“Bob Melvin is a guy who really uses his staff well, and communicates with players,” he said of the Athletics skipper. “He gets a lot out of players. He’s articulate, but not boisterous. A more quiet leader does help. Billy Beane’s (actions) upfront will trump any manager who works for him, but Bob quietly helps.”
Several others who caught the NL scout’s attention:
*One guy who uses all the information at his disposal is Buck Showalter. He has a feel for the game and is decisive.
The AL scout’s Cliff Notes list:
*Joe Maddon seems to get it. Players relate to him, they relax. It’s a great atmosphere, and they can perform.”
*One of the most intelligent guys around is Mike Scioscia.”
*Ron Gardenhire did well, but poor teams lately have hurt his reputation. But a few years back he got a lot out of the Twins. He learned under ‘TK’ (Tom Kelly), who was really, really hard on young players. Gardy refined that. He’s a lot of ‘TK’ organizational-wise.
*I always liked Fredi Gonzalez in Atlanta.”
Leyland is no longer an active manager and actually looks nearly a decade younger with the stress removed from his life. But the AL scout recalled one of Leyland’s strengths:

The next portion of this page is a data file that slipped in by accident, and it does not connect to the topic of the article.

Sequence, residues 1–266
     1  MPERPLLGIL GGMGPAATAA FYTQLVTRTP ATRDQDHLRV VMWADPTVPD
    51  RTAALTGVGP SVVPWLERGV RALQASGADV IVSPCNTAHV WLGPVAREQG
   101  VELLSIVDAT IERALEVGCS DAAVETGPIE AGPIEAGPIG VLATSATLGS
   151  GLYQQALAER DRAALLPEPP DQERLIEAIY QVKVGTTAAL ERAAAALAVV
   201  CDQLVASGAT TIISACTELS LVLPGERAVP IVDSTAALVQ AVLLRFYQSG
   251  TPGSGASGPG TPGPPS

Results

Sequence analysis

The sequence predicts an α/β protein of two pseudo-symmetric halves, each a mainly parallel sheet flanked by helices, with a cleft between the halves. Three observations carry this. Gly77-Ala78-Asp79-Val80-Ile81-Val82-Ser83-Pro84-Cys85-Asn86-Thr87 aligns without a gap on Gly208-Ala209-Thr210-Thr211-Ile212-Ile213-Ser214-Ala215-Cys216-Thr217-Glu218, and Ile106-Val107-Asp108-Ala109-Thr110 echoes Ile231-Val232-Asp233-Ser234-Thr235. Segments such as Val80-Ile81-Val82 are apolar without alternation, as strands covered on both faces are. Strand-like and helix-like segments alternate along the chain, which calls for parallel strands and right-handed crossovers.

“Good managers talk to their pitchers. One of the things Jim always did was very seldom put his arms on the cage and instead was out there talking to your pitchers. He surrounded himself with most intelligent people, who can teach people.”
The good managers, well, will endeavor to avoid over-managing. To the NL scout, that’s a trap into which a lot of present-day skippers fall.
“One thing that has changed a lot is extreme over-shifting,” he said. “Charting is subjective and pitchers who have good stuff don’t need the shifting. Managers can get over-analytical, and let data influence them. In a lot of cases we’ve lost the feel for the game these Hall of Fame managers (La Russa, Joe Torre and Bobby Cox) had.”